Home economics

Housing is always a key battleground in cities, where planners face a constant struggle to provide enough good quality, affordable homes within the constraints of local economics. Squaring this equation with the complexity and expense of staging the Olympics is one of the greatest challenges host cities face – and it’s what’s most likely to determine whether their residents feel it was money well spent in the long term. There are notorious failures such as Athens, where the accommodation built for the 2004 Games has become a crumbling, semi-deserted sink estate. But even where regeneration is considered to have been successful, in cities such as Barcelona and Sydney, there are often significant compromises on affordability and sustainability. I investigated how London’s Olympic delivery team are trying to keep their promises in this piece for Modus, the magazine of the Royal Institution of Chartered Surveyors.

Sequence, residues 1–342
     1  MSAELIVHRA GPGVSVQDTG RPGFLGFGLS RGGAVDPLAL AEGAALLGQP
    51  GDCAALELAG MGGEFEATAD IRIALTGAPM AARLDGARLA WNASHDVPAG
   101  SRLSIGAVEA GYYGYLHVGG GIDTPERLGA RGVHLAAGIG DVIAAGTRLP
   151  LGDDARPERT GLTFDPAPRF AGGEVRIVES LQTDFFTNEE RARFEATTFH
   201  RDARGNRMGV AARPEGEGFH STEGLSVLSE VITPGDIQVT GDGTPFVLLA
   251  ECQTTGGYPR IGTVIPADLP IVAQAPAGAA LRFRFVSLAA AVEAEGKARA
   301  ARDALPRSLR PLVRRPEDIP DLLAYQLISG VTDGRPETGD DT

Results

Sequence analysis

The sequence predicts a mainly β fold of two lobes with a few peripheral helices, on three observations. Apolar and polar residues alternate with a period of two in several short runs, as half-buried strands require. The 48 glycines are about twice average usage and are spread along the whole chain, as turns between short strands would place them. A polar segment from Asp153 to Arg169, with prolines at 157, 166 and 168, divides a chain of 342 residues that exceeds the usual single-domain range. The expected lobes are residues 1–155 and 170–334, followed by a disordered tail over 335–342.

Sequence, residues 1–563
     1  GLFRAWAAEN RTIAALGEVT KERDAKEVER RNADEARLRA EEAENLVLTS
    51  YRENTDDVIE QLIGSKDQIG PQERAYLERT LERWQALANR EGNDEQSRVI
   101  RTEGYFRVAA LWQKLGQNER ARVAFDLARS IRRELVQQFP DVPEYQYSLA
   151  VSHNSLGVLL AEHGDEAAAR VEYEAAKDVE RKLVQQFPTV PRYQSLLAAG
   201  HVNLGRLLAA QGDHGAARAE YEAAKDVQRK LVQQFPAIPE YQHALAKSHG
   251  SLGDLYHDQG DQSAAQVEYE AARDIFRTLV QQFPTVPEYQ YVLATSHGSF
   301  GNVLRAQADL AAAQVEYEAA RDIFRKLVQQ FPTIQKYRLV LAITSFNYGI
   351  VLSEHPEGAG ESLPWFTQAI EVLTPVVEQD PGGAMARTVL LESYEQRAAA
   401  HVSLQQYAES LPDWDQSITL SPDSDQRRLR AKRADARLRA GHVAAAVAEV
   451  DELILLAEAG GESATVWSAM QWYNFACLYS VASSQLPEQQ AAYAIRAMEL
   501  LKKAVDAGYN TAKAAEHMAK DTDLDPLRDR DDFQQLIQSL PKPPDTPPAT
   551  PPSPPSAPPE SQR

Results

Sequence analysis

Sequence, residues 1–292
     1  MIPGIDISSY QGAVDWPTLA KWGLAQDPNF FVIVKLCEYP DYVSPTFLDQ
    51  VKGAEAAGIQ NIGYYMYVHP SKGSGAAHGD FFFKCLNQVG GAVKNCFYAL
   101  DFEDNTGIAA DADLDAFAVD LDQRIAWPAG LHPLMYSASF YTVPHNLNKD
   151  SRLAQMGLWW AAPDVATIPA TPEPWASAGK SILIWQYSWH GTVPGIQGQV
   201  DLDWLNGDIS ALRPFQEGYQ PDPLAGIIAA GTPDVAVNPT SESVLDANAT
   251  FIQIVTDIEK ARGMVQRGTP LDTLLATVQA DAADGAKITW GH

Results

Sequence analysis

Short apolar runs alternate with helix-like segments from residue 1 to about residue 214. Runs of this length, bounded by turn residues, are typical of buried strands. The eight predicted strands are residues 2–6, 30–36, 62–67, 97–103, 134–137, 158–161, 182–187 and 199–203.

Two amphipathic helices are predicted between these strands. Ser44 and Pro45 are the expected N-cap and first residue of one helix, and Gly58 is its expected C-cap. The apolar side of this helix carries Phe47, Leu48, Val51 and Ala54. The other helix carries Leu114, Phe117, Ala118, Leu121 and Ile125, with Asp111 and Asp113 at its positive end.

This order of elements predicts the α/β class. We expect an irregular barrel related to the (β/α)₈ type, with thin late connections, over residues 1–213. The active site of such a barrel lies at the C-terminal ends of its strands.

Author: Katie Puckett

I'm a journalist who has been writing, editing and subbing business magazines for nearly 20 years. I write regularly on all aspects of the built environment – architecture, engineering, construction, property, investment, housing, planning, economics, sustainability, climate change adaptation, technology, insurance – and I’m always up for getting to grips with new topics. I’m also co-founder of Wordmule, a company that creates bespoke editorial and marketing content about buildings and cities.

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